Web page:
In the early part of the 20th century, American artists looked to contemporary music as a viable exemplar of time and motion to apply to their visual expression giving the more static traditional forms of painting and sculpture a new energy and a sense of movement. Ragtime, the Blues, and Jazz provided new snappier or soulful tunes that compelled artists in Europe and America to seek their own versions of those idioms in their work.

One source of imagery that might have influenced artists could be found on the illustrated covers of sheet music. An early example is the cover for the piano sheet music (see below) of Ferd (Ferdinand) Morton’s The “Jelly Roll” Blues published by Will Rossiter in 1915. On the left, this early unattributed sheet music illustration depicts a couple of black musicians—a man playing a banjo and a woman playing a guitar–while


Unknown artist; Cover illustration for The “Jelly Roll” Blues


Winold Reiss (1886-1953); Interpretation of Harlem Jazz I, c. 1915-20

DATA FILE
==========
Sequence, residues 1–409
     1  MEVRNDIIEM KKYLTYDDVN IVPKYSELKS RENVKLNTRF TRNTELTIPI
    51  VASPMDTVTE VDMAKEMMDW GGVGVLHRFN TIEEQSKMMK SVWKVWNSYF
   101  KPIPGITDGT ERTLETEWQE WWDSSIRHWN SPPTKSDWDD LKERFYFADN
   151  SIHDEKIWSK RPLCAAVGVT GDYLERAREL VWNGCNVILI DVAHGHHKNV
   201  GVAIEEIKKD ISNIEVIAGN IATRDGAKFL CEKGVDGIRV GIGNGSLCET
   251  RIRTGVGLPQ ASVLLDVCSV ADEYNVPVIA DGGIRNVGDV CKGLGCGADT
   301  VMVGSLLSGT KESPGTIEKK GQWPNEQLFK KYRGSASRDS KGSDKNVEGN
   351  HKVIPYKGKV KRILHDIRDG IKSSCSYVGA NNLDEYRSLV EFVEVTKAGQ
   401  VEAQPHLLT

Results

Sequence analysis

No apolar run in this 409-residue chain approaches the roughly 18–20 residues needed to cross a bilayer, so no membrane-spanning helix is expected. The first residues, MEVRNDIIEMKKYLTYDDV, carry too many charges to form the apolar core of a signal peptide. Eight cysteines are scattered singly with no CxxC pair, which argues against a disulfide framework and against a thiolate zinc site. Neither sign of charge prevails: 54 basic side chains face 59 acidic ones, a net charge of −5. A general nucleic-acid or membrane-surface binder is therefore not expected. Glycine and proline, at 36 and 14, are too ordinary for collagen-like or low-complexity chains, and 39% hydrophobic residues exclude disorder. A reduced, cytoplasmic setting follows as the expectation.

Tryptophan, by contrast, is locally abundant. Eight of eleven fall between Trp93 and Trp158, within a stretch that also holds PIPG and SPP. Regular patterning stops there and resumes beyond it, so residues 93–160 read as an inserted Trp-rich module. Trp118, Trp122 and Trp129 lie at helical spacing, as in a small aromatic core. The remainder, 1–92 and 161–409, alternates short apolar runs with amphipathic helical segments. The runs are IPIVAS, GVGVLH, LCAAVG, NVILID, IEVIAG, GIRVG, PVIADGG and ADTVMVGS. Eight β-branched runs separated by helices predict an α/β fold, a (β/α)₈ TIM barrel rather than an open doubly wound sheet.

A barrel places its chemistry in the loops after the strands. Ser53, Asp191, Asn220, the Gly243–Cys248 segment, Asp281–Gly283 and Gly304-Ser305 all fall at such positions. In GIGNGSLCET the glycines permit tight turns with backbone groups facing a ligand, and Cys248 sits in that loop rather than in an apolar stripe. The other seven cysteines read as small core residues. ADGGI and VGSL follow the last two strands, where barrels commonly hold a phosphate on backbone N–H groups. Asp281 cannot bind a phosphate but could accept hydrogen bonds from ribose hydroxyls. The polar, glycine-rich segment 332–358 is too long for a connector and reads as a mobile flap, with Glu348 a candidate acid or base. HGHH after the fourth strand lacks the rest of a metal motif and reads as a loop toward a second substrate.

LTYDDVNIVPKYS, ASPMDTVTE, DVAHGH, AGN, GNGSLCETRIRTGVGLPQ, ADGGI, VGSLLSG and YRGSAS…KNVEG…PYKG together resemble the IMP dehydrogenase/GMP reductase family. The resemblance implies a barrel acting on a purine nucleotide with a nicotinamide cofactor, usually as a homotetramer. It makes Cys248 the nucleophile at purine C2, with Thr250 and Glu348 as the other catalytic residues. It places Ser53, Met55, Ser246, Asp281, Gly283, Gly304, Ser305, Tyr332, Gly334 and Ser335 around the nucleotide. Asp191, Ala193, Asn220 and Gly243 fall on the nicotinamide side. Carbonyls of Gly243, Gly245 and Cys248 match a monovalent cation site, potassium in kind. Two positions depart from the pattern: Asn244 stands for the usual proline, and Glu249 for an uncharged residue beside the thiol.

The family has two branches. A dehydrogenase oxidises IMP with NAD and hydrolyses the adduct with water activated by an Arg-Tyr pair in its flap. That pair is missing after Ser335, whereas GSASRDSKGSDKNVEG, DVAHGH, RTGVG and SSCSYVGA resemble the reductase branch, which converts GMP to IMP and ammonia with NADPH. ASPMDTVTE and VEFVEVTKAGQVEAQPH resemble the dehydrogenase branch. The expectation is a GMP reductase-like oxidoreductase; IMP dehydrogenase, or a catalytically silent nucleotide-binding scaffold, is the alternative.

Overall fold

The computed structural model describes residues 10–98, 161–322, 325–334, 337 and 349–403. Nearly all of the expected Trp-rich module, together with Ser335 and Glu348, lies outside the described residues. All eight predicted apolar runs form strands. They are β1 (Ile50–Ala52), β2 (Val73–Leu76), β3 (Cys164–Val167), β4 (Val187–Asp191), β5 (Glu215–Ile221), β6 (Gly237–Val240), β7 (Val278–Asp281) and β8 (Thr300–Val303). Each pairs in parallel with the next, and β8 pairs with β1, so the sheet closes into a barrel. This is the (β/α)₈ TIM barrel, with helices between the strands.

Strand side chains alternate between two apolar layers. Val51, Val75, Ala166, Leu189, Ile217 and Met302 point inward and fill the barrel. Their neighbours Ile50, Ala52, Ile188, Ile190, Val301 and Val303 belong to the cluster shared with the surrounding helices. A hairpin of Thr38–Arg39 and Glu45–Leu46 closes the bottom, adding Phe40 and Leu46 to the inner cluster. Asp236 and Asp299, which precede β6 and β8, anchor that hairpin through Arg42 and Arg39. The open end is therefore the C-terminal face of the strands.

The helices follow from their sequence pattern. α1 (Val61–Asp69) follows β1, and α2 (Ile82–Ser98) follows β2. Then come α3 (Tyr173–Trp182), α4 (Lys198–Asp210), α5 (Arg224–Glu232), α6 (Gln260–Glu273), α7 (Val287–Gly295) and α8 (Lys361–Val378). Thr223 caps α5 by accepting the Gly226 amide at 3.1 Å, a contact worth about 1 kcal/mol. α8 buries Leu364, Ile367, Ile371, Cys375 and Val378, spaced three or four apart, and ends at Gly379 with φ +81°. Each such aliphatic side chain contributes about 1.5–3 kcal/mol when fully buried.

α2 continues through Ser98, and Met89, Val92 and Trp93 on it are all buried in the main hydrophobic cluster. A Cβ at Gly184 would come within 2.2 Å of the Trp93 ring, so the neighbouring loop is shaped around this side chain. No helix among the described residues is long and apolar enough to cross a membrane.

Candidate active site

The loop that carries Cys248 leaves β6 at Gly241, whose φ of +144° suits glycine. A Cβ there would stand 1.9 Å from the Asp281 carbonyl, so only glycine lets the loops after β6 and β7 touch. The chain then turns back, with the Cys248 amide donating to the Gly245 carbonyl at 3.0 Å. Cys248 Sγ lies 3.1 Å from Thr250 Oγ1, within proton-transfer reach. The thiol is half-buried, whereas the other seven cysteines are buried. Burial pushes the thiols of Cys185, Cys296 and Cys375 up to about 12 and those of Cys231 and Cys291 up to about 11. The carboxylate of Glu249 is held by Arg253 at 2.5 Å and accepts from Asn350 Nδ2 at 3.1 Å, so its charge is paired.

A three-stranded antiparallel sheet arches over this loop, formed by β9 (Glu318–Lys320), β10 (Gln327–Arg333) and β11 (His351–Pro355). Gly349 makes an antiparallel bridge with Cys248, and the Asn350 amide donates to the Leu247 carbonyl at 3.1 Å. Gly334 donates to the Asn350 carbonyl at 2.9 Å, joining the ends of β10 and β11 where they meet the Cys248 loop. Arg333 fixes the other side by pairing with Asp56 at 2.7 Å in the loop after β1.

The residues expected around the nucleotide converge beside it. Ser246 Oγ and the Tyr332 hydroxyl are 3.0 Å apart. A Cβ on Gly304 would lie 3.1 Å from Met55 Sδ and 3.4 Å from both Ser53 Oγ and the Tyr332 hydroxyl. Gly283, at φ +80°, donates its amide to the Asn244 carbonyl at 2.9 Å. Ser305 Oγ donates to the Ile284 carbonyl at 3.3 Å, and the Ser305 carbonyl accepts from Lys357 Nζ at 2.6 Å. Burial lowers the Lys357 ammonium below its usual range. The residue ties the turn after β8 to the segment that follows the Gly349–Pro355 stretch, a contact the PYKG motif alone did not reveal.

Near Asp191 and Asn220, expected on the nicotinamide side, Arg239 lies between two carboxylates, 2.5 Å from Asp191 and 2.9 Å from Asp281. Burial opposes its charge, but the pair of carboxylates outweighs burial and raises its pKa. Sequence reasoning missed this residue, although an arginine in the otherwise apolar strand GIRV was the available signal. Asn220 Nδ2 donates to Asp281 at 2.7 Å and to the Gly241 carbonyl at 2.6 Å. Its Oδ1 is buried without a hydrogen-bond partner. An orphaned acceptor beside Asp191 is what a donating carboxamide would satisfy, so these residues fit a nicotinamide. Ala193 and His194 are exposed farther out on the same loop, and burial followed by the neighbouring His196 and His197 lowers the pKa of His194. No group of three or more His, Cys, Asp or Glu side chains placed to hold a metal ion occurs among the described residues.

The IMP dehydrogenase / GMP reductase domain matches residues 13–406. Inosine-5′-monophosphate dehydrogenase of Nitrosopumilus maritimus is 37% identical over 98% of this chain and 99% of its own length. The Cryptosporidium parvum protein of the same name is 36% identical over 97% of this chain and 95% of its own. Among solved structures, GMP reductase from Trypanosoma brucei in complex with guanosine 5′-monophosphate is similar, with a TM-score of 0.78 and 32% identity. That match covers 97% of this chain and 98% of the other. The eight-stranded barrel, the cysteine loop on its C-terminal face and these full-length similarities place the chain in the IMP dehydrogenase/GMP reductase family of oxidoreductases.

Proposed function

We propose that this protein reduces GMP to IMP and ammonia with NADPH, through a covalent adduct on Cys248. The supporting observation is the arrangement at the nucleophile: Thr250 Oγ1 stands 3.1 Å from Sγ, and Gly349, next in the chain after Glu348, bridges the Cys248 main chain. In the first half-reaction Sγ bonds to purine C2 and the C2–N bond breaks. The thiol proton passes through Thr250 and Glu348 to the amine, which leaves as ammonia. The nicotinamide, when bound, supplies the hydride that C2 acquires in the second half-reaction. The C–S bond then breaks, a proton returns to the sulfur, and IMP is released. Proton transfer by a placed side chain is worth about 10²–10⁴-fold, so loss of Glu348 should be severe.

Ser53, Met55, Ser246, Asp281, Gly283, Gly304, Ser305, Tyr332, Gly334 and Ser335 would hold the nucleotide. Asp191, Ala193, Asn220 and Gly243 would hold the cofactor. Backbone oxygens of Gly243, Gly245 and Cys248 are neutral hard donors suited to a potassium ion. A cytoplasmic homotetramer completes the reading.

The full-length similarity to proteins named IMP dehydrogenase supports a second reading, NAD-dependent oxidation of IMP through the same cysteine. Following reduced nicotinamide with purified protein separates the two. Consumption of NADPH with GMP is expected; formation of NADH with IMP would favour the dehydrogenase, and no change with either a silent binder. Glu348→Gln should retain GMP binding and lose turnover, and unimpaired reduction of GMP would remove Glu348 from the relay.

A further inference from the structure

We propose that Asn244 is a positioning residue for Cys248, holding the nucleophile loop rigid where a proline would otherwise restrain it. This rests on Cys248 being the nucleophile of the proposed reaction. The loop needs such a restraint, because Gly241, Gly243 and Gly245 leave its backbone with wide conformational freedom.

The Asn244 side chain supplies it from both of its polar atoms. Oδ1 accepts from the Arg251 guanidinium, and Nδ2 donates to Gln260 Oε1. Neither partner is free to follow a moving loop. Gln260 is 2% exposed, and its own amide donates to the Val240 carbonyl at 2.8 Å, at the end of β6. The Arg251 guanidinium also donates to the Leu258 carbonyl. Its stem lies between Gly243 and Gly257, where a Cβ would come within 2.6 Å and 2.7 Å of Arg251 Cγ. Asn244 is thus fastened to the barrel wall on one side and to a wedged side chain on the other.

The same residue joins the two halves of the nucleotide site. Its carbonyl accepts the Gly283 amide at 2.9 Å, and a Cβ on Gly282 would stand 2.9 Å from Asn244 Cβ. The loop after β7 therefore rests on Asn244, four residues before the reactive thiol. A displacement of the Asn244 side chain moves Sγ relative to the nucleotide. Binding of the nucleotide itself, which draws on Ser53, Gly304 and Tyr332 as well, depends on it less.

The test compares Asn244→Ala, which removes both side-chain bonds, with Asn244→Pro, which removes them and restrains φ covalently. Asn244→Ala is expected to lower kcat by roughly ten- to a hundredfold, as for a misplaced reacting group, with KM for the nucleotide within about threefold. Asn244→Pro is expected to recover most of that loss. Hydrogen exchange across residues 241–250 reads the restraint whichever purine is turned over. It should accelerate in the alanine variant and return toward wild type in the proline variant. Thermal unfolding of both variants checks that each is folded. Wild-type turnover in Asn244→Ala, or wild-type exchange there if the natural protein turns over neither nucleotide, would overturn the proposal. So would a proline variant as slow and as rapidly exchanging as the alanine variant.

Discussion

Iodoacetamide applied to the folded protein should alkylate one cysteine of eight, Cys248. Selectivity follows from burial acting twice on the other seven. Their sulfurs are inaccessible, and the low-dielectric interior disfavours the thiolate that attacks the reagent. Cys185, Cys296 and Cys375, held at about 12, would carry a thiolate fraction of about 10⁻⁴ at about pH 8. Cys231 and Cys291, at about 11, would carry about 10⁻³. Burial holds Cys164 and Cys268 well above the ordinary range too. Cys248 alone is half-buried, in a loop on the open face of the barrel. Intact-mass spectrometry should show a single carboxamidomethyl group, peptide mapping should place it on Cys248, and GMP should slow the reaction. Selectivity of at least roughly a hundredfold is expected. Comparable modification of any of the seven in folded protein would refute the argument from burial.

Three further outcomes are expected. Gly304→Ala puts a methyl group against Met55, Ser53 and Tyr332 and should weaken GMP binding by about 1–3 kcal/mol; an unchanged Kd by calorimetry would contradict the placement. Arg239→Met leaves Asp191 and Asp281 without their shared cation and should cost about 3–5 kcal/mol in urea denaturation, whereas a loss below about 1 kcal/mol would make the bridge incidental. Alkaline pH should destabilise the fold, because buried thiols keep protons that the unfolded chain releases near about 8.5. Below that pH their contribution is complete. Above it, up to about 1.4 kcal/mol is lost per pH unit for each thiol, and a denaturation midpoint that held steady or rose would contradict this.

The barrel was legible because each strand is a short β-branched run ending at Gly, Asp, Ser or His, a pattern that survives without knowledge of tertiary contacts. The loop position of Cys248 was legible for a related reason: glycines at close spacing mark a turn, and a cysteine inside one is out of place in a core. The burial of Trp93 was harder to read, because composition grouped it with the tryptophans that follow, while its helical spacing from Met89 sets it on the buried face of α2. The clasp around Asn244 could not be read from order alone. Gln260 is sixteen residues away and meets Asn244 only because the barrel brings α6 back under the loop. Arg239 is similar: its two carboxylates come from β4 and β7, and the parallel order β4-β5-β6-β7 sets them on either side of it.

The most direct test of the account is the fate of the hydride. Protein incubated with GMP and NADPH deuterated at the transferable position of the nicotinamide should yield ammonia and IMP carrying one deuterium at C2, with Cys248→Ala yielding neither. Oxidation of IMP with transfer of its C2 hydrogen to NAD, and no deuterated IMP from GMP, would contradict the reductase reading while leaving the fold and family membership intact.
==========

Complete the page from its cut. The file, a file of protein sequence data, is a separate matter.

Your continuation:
dancing atop a jelly roll cake against a blue and white check background.* The rolled dance ‘floor’ provides no stable purchase for the musicians, but then the music is not too stable either—it is typically edgy with polyrhythms and syncopated improvisation. Within a few years, artists like the German-born Winold Reiss (seen above), took the beat of the music and visualized it into an off-kilter (and difficult to read)** image of the sound and the loose movement of the dance it inspired. The Dean of the Harlem Renaissance, philosopher and educator Alain Locke described Reiss’s artistic process as a, “. . . folk-lorist of brush and palette seeking always the folk character back of the individual, the psychology behind the physiognomy. In design, he looks not merely for the decorative elements, but for the pattern of the culture from which it sprang . . . .”***


Unknown artist; Advertising poster for “Jelly Roll” Morton and His Red Hot Peppers, 1927; For performance at the Royal Palais Ballroom in Galena, Illinois


A couple of years later a promotional poster for “Jelly Roll” Morton and His Red Hot Peppers and a night’s performance in Galena, Illinois, reveals the adaptation of Winold Reiss’s jazzy dance imagery in a piece of ephemeral art. In this poster the image of Ferd Morton and the echoing syncopation of the music merge into resonating areas of color shadowing the musician’s body. The head is portrayed more realistically and proportionately larger than the performer’s body, that is tilted and dances along with the implied music.